After they had mocked Him, they took the purple robe off Him and put His own garments on Him. And they led Him out to crucify Him. (Mark 15:20)
Pilate turned the prisoner over to his soldiers. They took the royal robe of Herod Antipas from Him (it was quite valuable) and dressed Him in His own clothes. Then they led Him out, along with two others, to be put to death.
The Torah does not prescribe crucifixion as a means of carrying out a death sentence. Crucifixion was not a Jewish mode of execution; it was itself a violation of Jewish law. The wicked Antiochus Epiphanes introduced crucifixion to the land of Israel. He crucified Jews who refused to submit to his anti-Torah edicts:
They were whipped with rods, and their bodies were torn to pieces, and were crucified, while they were still alive, and breathed: they also strangled those women and their sons whom they had circumcised, as the king had appointed, hanging their sons about their necks as they were upon the crosses. (Josephus, Antiquities)
Rome used crucifixion to terrorize the people they ruled. Roman citizens were exempt from crucifixion, but anyone without citizenship could be crucified. The Romans punished a wide variety of crimes with crucifixion: piracy, highway robbery, assassination, forgery, false testimony, mutiny, sedition, rebellion, etc. The Romans also crucified soldiers who deserted and slaves who denounced their masters.
The Romans preceded crucifixion with scourging to hasten the death of the crucified. They used crosses of different shapes. A cross could be a tree or simply a post embedded in the ground. Some formed a capital T. They shaped others like the letter X, while still others formed the recognized lowercase t-shape (crux immissa), which later church tradition and iconography associated with the shape of the Master’s cross, perhaps primarily on the basis of the text, “above His head they put up the charge against Him” (Matthew 27:37).
New Testament commentator Raymond Brown collected many details about crucifixion from ancient writers in his Commentary on the Passion Narratives. The condemned man carried the crossbeam to the place of execution with the titulus, an inscription identifying his crime, hanging from his neck. Contrary to popular assumptions and religious artwork, the condemned did not carry the whole cross—just the crossbeam. According to Plutarch, “Each criminal who suffers in his body bears his own cross on his back.” Another ancient writer, Artemidorus, reported, “The person who is nailed to the cross first carries it out.”
The Romans stripped the men to be executed and crucified them naked. They raised the man tied or nailed to the crossbeam into position with forked poles and inserted the cross beam into a slot in the upright post.
Outside of Judea, the Romans did not remove the bodies immediately after death. Instead, they left the corpse on the cross as food for birds of prey until it rotted away or until they cast it before wild beasts. Pseudo-Manetho observed, “Punished with limbs outstretched … they are fastened [and] nailed to the stake in the most bitter torment, evil food for birds of prey and grim picking for dogs.”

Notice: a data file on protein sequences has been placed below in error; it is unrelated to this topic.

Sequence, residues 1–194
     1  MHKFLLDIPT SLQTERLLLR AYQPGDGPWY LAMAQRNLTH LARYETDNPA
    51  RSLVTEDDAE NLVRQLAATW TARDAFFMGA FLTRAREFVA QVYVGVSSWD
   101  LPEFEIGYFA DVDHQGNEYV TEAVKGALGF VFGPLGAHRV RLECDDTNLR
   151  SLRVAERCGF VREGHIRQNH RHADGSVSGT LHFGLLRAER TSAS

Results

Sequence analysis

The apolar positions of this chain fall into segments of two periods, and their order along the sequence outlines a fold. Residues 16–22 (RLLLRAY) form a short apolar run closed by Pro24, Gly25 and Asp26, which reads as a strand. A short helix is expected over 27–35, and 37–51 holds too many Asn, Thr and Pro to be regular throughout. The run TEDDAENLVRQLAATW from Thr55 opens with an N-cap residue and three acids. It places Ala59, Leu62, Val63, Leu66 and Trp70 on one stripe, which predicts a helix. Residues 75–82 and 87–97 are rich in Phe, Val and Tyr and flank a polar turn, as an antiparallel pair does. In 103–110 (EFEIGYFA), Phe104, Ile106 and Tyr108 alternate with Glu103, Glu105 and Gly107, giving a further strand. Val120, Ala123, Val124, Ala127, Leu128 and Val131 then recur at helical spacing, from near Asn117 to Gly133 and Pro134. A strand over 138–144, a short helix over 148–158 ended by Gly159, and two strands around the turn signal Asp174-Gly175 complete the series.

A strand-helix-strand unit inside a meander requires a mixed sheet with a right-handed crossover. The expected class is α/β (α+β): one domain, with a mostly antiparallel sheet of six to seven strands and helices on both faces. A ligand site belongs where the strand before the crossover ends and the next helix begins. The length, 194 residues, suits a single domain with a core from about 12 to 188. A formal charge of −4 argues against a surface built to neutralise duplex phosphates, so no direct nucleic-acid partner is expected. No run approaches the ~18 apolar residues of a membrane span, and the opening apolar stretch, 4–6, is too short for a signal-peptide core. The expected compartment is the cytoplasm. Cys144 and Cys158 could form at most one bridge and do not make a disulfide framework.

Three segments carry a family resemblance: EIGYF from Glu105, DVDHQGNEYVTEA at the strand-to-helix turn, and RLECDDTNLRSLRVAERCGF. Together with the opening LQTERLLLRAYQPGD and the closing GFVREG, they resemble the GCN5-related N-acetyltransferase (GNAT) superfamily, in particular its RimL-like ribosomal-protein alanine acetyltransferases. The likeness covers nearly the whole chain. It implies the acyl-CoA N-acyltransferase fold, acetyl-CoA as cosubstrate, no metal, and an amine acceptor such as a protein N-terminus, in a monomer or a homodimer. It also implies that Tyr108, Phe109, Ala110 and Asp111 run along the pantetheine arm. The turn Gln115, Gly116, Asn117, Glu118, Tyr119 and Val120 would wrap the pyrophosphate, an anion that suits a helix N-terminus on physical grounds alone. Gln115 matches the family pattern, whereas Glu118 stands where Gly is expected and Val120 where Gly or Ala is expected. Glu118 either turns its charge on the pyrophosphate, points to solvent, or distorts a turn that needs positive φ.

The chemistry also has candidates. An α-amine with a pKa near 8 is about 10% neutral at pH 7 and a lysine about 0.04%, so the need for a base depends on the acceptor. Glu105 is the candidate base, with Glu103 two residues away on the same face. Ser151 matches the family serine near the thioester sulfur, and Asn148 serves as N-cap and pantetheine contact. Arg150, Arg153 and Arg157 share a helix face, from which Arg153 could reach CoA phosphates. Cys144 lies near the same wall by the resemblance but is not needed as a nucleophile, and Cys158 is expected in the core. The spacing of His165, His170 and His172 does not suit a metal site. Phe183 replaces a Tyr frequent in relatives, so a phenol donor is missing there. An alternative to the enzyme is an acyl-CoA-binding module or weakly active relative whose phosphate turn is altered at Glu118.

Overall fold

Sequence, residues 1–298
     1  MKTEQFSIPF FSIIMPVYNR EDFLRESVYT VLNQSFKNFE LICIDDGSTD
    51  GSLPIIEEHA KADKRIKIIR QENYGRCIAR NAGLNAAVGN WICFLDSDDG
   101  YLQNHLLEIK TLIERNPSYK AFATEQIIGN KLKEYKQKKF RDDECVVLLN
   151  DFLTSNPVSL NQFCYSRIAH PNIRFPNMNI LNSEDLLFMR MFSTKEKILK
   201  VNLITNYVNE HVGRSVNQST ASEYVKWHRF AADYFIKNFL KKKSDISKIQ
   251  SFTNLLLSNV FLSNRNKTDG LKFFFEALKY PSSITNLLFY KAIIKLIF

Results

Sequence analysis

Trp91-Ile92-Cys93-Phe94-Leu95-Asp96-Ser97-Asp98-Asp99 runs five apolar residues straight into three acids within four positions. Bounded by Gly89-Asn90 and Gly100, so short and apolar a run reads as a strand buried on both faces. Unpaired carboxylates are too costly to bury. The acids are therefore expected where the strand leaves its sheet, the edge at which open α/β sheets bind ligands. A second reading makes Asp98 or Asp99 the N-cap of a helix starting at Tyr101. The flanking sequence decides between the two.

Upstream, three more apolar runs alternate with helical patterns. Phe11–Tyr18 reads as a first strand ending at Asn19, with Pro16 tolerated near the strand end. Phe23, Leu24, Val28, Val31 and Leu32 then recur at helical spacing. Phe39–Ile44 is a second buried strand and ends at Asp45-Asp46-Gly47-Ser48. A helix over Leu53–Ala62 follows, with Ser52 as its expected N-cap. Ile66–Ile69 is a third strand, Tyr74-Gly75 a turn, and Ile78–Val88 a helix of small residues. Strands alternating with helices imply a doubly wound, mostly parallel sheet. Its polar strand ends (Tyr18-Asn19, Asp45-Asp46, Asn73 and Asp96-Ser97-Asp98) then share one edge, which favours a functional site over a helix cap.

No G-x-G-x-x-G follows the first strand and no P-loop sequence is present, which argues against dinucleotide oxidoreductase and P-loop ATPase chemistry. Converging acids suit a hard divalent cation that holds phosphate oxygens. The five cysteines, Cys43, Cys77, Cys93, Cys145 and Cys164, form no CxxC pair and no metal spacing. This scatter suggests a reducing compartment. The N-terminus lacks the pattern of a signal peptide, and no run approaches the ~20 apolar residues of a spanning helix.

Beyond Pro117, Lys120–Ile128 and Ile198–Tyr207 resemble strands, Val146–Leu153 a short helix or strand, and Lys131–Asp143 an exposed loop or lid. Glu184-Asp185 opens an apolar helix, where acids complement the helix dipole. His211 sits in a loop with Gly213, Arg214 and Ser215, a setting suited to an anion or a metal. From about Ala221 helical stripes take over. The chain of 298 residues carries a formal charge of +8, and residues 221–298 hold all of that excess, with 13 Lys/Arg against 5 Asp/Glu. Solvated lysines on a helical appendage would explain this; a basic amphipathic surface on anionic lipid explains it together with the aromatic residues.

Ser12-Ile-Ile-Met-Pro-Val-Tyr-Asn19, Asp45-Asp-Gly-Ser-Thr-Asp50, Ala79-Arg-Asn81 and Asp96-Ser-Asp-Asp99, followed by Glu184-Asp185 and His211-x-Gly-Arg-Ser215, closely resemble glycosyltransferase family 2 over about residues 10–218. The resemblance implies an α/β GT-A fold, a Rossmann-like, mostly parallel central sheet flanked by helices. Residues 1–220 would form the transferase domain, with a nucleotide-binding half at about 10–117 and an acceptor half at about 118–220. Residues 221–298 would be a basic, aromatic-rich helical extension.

Rome introduced this cruel and satanic method of execution in Judea as a means of punishing Zealot rebels and terrorizing the populace. They crucified their victims beside the main roads and thoroughfares so that the greatest number of people could see and be moved by fear.
Routine crucifixions had been going on for as long as three decades before the birth of the Master. The Roman governor of Syria crucified two thousand Jews in 4 bce. As a small child visiting Jerusalem at festival times, Yeshua became accustomed to seeing crucified men posted outside the city’s gates. The Romans did not take the crosses down; they just changed the bodies hanging on them. The tortured men reminded the pilgrims of their ongoing subjugation to the empire.
The crucifixion of Yeshua served as a frightening harbinger of the darkness to come. During their war against the Jewish people in the First Jewish Revolt, the Romans went on a crucifixion frenzy. Thousands of Jewish men died by crucifixion, and by the end of the siege of Jerusalem, the Romans had surrounded the city with crosses, nailing up their victims in grotesque positions:
Because of the wrath and hatred that [the soldiers] had for the Jews, they nailed those they caught to the crosses. For sport, they nailed one in one way and another after another manner. The number of crucified grew so great that they lacked room for the crosses, and crosses lacked room for the number of bodies. (Josephus, Jewish War)
In 1968, archaeologist Vassilios Tzaferis discovered the skeletal remains of a crucified man in a Jerusalem tomb. Based on the remains, Tzaferis determined that the crucifixion nails were driven through the wrists and ankles instead of through the palms and feet as Christian artwork usually depicts.
The crucified suffered intensely. Inflammation of the wounds inflicted by scourging and nail puncture produced traumatic fever. The heat of the sun and the strained position of the body aggravated the fever and intensified the pain, producing an insufferable thirst. The wounds around the nails underwent swelling, and the lacerated tendons and nerves produced excruciating pain. A surcharge of blood pressure produced a throbbing headache. The suspended position labored breathing.
Death rarely ensued before thirty-six hours had elapsed, and in some cases, the crucified could languish for up to three days on a cross. To prolong his suffering, the Romans sometimes provided the crucified with a footrest built into the upright stake on which he could lift himself for breath. (The Russian Orthodox cross depicts a footrest.) Some crosses had a block of wood attached that the crucified could use as a seat. To hasten death, the Romans could break the legs of the crucified, rendering them unable to lift themselves to draw breath.